Similar to Atlantic City just down coast, this seaside destination was built up as a summer attraction. But while AC is known for its casinos, Asbury was apparently at one point a “dry” municipality as it was founded by members of the Methodist community in neighboring Ocean Grove. In the late 1800s, the boardwalk was built, followed by a number of hotels, and grand Victorian homes that helped the area flourish.
Development took off in the 1920s when the Convention Hall and the adjoining Paramount Theatre and Grand Arcade were built. These beautiful, historical buildings still stand alongside the boardwalk and beach today, and play host to events, concerts, and shopping.
After the area experienced decades of economic depression and racial division, a rebirth began in the ‘90s and ‘00s thanks in large part because of the influx of vacationers from the LGBTQ community. The area today is vibrant and artsy; gentrified, even. But still, it’s truly a haven for creative people on the Shore.
The most famous venue in Asbury Park is surely The Stone Pony—where the Boss, whose debut album is called “Greetings from Asbury Park, N.J.”, got his start. It’s still open today, playing host to shows by local as well as more well-known touring acts. Upcoming shows include Limp Bizkit, Kesha, Parquet Courts, and the Springsteen cover band, Tramps Like Us.
The Paramount Theatre also books big shows, and The Saint is a smaller, more intimate live music venue. More recently, the legendary punk venue Asbury Lanes, got a facelift and new ownership by iStar in 2018. The combo bowling alley and music venue now hosts top-tier acts on a weekly basis, and the attached eatery, Asbury Lanes Diner, is set to reopen on August 1 with NJ local and Per Se alum, chef Mike Dunston, spearheading the relaunch.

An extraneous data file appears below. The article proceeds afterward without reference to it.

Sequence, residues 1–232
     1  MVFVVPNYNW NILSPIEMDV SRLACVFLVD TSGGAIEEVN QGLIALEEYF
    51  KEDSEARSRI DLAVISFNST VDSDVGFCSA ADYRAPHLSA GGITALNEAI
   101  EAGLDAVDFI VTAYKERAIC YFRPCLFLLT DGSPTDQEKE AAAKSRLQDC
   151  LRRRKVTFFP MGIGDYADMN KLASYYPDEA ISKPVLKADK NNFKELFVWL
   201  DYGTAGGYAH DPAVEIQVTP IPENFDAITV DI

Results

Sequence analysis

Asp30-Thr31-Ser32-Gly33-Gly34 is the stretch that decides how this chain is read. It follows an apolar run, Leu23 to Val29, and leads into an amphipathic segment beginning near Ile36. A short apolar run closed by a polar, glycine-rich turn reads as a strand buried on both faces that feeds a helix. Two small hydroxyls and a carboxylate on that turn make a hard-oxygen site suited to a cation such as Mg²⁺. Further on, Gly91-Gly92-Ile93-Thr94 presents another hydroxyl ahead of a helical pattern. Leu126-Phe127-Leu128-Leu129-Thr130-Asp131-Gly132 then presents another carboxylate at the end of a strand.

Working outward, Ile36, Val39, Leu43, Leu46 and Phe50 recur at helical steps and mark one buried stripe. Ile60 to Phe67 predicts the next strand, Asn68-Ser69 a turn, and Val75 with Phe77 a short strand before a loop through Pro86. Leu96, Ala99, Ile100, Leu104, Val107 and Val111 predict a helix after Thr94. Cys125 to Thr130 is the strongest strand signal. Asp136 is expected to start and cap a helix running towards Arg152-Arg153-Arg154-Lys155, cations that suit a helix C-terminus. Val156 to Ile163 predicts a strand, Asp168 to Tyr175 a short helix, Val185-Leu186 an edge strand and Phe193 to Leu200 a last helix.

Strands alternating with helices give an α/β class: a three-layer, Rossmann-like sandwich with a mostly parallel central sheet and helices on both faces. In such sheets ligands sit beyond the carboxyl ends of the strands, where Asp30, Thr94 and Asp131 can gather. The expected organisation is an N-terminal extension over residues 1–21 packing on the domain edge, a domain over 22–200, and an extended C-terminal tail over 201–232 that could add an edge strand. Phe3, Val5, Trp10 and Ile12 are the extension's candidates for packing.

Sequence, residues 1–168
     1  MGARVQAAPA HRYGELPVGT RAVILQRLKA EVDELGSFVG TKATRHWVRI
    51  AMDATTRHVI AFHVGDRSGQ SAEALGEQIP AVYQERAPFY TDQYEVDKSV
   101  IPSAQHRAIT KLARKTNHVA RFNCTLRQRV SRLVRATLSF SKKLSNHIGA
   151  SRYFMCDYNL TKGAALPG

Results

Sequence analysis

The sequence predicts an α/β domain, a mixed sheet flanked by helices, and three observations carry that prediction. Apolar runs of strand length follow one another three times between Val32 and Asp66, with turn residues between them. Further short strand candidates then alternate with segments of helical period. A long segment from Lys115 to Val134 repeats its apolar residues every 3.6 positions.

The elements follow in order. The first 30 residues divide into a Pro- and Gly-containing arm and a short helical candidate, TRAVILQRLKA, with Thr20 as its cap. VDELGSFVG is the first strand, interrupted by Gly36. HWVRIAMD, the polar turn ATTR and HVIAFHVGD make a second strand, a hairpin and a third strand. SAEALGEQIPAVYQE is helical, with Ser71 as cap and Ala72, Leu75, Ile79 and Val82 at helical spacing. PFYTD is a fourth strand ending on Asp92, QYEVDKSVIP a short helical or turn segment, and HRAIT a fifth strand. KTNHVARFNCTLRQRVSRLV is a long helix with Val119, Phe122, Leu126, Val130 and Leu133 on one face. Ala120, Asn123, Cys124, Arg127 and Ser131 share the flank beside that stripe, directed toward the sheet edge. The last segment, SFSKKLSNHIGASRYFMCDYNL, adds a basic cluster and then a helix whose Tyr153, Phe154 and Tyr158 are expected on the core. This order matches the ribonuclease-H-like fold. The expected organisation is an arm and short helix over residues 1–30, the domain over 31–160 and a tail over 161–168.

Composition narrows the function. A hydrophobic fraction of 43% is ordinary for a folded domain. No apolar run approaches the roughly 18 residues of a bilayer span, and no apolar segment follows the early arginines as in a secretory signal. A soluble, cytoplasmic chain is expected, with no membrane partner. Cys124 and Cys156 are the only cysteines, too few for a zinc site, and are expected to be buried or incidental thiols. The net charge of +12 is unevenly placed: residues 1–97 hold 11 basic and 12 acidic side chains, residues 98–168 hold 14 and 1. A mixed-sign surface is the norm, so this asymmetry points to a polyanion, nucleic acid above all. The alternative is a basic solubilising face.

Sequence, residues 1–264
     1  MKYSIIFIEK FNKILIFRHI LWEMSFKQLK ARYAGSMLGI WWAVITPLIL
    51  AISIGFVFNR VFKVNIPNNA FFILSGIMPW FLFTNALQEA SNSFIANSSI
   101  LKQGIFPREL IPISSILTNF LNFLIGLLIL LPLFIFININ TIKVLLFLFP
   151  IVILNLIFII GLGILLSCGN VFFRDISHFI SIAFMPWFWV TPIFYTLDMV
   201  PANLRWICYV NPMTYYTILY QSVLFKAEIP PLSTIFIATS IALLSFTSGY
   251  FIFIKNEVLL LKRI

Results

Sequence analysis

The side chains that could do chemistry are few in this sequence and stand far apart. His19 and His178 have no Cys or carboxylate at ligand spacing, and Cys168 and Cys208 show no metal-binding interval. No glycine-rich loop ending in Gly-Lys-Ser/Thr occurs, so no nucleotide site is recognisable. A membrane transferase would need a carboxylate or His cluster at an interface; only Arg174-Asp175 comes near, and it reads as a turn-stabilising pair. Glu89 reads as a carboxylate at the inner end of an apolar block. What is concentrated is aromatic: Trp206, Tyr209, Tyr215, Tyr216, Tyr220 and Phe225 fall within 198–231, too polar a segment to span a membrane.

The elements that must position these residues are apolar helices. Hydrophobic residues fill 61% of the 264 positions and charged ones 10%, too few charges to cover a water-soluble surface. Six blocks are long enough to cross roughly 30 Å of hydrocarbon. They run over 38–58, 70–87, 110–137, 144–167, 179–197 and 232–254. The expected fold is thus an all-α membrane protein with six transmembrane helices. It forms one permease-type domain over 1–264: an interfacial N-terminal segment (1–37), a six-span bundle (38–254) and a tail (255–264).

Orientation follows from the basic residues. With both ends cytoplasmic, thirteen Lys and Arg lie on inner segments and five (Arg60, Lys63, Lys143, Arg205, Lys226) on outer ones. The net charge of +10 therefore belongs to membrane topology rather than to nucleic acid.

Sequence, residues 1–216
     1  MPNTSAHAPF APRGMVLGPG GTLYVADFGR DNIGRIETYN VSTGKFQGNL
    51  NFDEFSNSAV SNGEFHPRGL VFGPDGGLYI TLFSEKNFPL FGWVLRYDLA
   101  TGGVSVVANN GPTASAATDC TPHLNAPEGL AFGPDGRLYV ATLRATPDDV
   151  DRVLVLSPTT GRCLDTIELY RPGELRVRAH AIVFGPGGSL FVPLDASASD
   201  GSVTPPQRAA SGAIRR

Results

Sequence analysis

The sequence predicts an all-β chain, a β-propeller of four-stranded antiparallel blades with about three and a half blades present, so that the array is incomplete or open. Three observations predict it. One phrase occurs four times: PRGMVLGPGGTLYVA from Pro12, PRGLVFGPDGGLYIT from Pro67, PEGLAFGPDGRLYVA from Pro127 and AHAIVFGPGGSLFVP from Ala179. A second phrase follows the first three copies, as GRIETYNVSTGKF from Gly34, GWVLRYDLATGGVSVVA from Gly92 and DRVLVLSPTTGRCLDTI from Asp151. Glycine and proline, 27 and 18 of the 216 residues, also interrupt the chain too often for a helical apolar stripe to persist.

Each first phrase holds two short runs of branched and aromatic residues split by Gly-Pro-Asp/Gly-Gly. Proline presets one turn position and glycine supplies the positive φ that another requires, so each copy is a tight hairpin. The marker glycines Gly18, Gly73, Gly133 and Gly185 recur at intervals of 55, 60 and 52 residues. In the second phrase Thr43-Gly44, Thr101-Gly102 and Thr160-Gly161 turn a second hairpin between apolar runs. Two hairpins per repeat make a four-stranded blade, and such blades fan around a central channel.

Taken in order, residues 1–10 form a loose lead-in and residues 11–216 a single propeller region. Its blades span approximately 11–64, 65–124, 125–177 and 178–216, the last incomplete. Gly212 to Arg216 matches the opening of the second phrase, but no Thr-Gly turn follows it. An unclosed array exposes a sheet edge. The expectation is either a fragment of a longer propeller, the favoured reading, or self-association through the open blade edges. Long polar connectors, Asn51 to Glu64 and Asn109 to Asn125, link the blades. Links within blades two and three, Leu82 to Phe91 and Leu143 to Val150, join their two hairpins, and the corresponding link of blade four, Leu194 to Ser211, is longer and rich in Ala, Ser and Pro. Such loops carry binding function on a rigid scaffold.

The Wonder Bar, which also hosts live music, is a beloved local dive with a happy (yappy) hour for dogs. You can’t miss this spot; Asbury’s unofficial mascot “Tillie” is emblazoned in a mural on the facade.
The Silverball Museum Arcade is another Asbury Park destination that’s popular for the young and old alike. Home to pinball machines that date back to the 1930s, it’s a quirky spot that’s worth a visit. Or, if you’re more inclined to get spooky, check out the Ouija Wall or the haunted objects and dolls at Paranormal Books & Curiosities. (Tip: reservations required for most exhibits.)
Asbury is also known for its lively arts scene, and the area surrounding the beach is emblazoned with murals. The Wooden Walls Mural Project is responsible for many of them; the Mermaid by local artist Porkchop located near the Convention Hall is a favorite. Galleries as well as public art and exhibits can be found all across town.
For shopping, Cookman Avenue is home to antique shops and boutiques like Rebel Supply Co., where you can grab some great vintage finds.
Much of the oft-discussed Asbury Park renaissance focuses on new residential and hotel developments. In 2018, the Asbury Ocean Club opened. Towering over the cement-block building that houses the Wonder Bar, the 17-story glass tower contains a mix of million-dollar residences and hotel rooms which run in the $600-800 range.
Nearby is the more hipster-focused boutique hotel, The Asbury, complete with a rooftop movie screening area, bar and pool, and lobby decked out with art, records, and live music. Rooms range from around $300-600.
A more affordable option is the Berkeley Oceanfront Hotel with many rooms below $200. This 100-year old Beaux Arts building also overlooks the ocean.